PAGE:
DANIEL VAUGHAN: Eugenics is a leftist ideology, not a conservative one

June 24, 2019

As eugenics has returned to the forefront of America’s mind, the left’s defenses to it are shifting.

In the wake of Clarence Thomas’ famed opinion on Box v. Planned Parenthood, in which the Supreme Court justice warned that “abortion is an act rife with the potential for eugenic manipulation,” the left mostly denied the problem existed. But now, those who do acknowledge the issue use a different tactic: blaming right-wing conservatives for the problem, instead of recognizing it as an outgrowth of the progressive movement.

The most recent example of blame-shifting happened after Taslima Nasreen, a self-described “author, secular humanist, feminist, and physician,” wrote in a viral tweet:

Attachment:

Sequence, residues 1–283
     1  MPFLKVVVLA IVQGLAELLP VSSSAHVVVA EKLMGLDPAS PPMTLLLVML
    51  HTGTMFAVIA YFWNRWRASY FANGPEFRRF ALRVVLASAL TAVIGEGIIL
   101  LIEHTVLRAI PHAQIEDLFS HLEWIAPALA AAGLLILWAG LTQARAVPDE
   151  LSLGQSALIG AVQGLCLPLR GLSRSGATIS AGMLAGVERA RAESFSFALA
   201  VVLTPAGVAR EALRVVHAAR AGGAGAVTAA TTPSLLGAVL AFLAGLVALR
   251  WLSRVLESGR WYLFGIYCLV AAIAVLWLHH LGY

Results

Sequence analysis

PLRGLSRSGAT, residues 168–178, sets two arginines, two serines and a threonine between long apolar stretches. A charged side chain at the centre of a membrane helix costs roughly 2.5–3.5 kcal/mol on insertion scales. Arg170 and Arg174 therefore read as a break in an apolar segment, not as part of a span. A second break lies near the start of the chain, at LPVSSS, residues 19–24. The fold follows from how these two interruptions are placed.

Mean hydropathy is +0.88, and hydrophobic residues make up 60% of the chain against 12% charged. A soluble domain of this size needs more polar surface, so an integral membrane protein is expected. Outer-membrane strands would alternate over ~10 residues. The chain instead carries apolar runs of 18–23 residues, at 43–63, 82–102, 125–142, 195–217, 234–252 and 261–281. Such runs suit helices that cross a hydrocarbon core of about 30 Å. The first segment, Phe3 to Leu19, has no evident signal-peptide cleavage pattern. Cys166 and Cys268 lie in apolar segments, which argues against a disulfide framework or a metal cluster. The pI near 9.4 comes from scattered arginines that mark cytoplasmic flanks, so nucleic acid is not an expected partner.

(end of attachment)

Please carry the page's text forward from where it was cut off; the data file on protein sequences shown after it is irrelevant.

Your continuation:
Men and women who have bad genes with genetic diseases like diabetes, hypertension, cancer, etc. should not produce children. They have no right to make others suffer.

As far as encouraging eugenics goes, that’s about as straight-forward as you can get — and it’s the exact problem that Justice Thomas correctly identified in his opinion.

People are trying to eliminate anyone with “defective genes,” but how we define “defective” varies wildly. The result is a radical form of discrimination that never went away after the early 20th-century Progressive Era and subsequent years of world wars.

The left is now trying to pivot and shift the blame for the rise in popularity of eugenics on conservatives. Swedish author and neuroscientist Sumaiya Shaikh wrote for The Print: “Nasreen’s opinions, knowingly or unknowingly, reflected her profoundly conservative and pro-eugenics worldview, which is a far cry from women’s or human rights. Her words also lacked any mention of choice, which is central to feminism and humanism.”

Shaikh goes on to connect eugenic thought to racial superiority, asserting that this is the primary driver of eugenic thinking. She writes: